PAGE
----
Then were they all of good cheer, and they also took some meat.
And we were in all in the ship two hundred threescore and sixteen souls.
And when they had eaten enough, they lightened the ship, and cast out the wheat into the sea.
The Romans imported corn from Egypt, by way of Alexandria, to which this ship belonged; for a curious account of which see Bryant's treatise on the Euroclydon.
And when they had taken up the anchors, they committed themselves unto the sea, and loosed the rudder bands, and hoised up the mainsail to the wind, and made toward shore.
taken up, etc
or, cut the anchors, they left them in the sea, etc.
the rudder bands
Or, "the bands of the rudders;" for large vessels in ancient times had two or more rudders, which were fastened to the ship by means of bands, or chains, by which they were hoisted out of the water when incapable of being used. These bands being loosed, the rudders would fall into their proper places, and serve to steer the vessel into the creek, which they had in view, and hoisted.
And falling into a place where two seas met, they ran the ship aground; and the forepart stuck fast, and remained unmoveable, but the hinder part was broken with the violence of the waves.
And the soldiers' counsel was to kill the prisoners, lest any of them should swim out, and escape.
But the centurion, willing to save Paul, kept them from their purpose; and commanded that they which could swim should cast themselves first into the sea, and get to land:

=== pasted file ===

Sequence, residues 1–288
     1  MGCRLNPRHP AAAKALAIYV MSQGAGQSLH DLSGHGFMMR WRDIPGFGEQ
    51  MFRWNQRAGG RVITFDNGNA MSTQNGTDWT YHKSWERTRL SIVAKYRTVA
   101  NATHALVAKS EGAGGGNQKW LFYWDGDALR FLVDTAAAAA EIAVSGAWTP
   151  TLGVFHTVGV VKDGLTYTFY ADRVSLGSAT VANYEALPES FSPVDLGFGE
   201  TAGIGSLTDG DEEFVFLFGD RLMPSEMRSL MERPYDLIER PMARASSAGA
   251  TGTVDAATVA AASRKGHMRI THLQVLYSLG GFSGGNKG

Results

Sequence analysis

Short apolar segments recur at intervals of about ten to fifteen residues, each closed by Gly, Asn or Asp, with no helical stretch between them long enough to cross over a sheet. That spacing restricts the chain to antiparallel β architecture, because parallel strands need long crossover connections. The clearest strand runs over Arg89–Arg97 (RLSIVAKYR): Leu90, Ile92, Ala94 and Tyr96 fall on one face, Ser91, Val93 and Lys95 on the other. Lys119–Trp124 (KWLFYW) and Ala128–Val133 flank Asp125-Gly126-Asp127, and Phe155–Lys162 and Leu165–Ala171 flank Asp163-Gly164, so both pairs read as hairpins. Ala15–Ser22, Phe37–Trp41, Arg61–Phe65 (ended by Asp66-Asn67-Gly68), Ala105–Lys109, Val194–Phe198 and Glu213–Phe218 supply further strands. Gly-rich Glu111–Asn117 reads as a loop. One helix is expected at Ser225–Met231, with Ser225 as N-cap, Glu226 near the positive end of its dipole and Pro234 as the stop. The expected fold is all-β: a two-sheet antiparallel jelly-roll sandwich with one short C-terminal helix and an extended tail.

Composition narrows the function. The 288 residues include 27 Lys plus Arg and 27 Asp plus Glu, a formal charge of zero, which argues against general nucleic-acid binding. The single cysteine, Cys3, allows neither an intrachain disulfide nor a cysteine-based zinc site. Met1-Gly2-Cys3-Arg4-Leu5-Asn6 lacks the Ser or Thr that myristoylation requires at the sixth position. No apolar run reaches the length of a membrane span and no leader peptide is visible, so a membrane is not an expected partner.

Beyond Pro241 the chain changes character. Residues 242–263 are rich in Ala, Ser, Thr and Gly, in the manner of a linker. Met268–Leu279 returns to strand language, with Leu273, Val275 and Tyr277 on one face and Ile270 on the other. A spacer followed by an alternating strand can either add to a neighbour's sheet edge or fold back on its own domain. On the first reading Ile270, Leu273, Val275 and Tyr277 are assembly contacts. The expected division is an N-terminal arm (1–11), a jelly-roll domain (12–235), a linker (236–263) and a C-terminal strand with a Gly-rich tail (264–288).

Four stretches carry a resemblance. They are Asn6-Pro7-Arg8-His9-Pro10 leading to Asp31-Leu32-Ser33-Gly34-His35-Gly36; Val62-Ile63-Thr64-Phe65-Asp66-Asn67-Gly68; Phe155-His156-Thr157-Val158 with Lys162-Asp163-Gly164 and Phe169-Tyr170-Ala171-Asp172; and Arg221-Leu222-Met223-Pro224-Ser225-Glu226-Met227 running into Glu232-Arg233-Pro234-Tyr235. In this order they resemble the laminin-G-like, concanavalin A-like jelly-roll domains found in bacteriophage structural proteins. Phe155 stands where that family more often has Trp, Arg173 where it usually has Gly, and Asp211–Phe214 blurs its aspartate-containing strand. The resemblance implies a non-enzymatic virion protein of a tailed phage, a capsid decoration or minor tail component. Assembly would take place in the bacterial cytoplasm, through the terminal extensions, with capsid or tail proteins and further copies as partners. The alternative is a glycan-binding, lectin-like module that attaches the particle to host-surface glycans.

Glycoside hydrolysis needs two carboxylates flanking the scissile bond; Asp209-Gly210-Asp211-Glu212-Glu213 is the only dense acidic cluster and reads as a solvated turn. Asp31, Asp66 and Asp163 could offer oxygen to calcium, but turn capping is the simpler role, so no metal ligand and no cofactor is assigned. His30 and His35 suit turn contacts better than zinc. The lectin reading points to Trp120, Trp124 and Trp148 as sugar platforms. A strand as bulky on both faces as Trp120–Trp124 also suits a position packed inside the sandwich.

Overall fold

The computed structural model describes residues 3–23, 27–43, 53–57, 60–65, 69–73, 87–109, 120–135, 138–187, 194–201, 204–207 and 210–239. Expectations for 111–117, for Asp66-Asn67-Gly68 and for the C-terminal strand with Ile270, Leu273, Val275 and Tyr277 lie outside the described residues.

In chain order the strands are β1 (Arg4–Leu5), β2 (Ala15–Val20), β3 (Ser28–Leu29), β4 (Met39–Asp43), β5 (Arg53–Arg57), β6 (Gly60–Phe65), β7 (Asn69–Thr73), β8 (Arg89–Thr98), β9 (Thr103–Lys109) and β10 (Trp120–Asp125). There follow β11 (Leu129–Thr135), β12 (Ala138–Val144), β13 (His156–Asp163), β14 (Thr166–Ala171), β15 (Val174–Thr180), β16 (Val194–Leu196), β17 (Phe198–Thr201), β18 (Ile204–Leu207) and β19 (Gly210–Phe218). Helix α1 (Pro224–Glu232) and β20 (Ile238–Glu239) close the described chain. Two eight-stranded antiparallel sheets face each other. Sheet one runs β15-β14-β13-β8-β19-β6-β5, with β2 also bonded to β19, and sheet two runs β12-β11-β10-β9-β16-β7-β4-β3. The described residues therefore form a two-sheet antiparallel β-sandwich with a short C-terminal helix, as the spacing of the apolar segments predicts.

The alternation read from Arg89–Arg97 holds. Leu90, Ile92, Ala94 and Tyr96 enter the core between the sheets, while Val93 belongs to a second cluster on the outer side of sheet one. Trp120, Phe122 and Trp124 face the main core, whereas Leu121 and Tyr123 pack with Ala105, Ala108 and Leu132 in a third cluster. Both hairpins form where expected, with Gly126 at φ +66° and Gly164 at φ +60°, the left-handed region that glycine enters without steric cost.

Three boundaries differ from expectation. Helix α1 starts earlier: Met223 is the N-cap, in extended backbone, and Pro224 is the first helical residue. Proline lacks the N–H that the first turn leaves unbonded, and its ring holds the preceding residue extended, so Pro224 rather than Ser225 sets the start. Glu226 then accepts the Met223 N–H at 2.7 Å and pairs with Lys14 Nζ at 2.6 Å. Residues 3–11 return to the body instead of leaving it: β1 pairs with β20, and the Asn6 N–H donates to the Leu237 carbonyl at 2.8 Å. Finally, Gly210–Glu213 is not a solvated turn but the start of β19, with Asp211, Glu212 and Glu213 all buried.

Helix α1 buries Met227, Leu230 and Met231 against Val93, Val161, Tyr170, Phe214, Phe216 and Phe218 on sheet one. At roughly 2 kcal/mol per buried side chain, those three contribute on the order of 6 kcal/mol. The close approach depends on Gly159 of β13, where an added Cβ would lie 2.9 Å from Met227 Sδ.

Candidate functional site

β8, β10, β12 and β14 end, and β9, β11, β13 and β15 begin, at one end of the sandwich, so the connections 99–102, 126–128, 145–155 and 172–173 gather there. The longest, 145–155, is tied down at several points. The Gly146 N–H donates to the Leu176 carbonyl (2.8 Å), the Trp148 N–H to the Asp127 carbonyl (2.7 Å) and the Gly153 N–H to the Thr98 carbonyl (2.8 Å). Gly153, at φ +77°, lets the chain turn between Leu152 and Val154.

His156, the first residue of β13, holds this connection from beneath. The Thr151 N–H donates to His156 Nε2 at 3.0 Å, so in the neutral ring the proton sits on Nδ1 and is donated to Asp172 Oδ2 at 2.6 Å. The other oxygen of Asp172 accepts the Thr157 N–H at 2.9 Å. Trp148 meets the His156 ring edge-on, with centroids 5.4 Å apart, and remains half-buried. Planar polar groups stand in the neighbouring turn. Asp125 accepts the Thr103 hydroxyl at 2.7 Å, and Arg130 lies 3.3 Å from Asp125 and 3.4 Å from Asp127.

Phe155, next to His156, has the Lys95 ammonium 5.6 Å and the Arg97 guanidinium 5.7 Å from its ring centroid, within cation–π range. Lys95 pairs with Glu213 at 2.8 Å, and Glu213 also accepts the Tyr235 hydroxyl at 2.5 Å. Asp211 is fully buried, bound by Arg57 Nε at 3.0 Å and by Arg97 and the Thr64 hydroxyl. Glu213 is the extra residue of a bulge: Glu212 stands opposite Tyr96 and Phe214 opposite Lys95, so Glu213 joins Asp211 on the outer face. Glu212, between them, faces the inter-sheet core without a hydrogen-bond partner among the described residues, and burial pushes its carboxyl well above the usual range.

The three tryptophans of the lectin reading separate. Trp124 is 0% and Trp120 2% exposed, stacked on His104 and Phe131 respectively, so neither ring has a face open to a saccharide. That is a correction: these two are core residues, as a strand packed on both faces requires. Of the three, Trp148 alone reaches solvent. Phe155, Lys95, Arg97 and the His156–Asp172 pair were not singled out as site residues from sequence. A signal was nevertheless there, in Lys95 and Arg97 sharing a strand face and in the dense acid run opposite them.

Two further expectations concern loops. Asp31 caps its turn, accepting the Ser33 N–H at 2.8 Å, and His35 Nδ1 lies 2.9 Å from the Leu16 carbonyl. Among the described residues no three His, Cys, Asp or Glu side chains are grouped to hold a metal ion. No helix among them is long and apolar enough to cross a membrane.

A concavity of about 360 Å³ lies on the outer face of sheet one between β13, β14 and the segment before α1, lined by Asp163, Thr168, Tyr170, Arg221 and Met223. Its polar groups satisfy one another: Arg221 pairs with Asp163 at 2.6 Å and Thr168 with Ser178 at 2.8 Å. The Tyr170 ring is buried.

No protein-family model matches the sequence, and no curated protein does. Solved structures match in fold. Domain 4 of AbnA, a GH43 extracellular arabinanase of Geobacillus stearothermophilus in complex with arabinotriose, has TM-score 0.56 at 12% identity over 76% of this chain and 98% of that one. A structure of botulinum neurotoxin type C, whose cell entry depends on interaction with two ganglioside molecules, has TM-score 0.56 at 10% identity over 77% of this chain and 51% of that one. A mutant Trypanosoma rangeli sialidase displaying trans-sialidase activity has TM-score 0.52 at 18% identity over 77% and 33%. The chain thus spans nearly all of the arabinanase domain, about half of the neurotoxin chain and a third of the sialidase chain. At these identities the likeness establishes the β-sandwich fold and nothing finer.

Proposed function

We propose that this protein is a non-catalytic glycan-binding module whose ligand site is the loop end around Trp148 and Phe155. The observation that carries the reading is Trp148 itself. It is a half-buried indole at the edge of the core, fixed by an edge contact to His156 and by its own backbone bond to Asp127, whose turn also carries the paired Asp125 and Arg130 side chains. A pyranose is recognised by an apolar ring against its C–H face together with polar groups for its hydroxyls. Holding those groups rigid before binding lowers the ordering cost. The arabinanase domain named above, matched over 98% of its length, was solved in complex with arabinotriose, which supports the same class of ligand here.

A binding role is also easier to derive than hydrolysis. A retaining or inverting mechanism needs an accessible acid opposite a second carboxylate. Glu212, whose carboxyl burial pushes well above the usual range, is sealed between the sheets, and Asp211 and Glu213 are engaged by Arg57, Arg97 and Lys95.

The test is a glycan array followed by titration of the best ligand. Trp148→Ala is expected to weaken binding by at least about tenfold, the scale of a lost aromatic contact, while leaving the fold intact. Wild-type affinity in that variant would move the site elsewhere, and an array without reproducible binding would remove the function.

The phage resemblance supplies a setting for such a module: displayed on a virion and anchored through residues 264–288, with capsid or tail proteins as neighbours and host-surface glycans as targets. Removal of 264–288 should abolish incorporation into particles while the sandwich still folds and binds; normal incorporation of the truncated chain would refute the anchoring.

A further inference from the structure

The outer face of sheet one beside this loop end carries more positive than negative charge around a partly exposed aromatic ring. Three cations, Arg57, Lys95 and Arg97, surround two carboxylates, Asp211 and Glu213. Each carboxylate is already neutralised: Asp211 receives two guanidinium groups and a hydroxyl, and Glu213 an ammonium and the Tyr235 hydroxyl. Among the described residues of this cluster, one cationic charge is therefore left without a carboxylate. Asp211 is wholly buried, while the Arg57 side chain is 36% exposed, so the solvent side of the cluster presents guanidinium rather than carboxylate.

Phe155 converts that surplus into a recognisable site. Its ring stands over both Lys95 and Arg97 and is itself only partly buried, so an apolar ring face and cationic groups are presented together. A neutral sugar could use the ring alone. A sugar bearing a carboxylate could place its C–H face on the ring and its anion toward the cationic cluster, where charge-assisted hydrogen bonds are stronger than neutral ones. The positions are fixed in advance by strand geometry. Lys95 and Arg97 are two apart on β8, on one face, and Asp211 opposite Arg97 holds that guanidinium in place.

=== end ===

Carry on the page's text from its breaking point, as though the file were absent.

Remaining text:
And the rest, some on boards, and some on broken pieces of the ship. And so it came to pass, that they escaped all safe to land.
Melita, now Malta, the island on which Paul and his companions were cast, is situate in the Mediterranean sea, about fifty miles from the coast of Sicily, towards Africa; and is one immense rock of soft white free-stone, twenty miles long, twelve in its greatest breadth, and sixty in circumference. Some, however, with the learned Jacob Bryant, are of opinion that this island was Melita in the Adriatic gulf, near Illyricum; but it may be sufficient to observe, that the course of the Alexandrian ship, first to Syracuse and then to Rhegium, proves that it was the present Malta, as the proper course from the Illyrian Melita would have been first to Rhegium, before it reached Syracuse, to which indeed it need not have gone at all.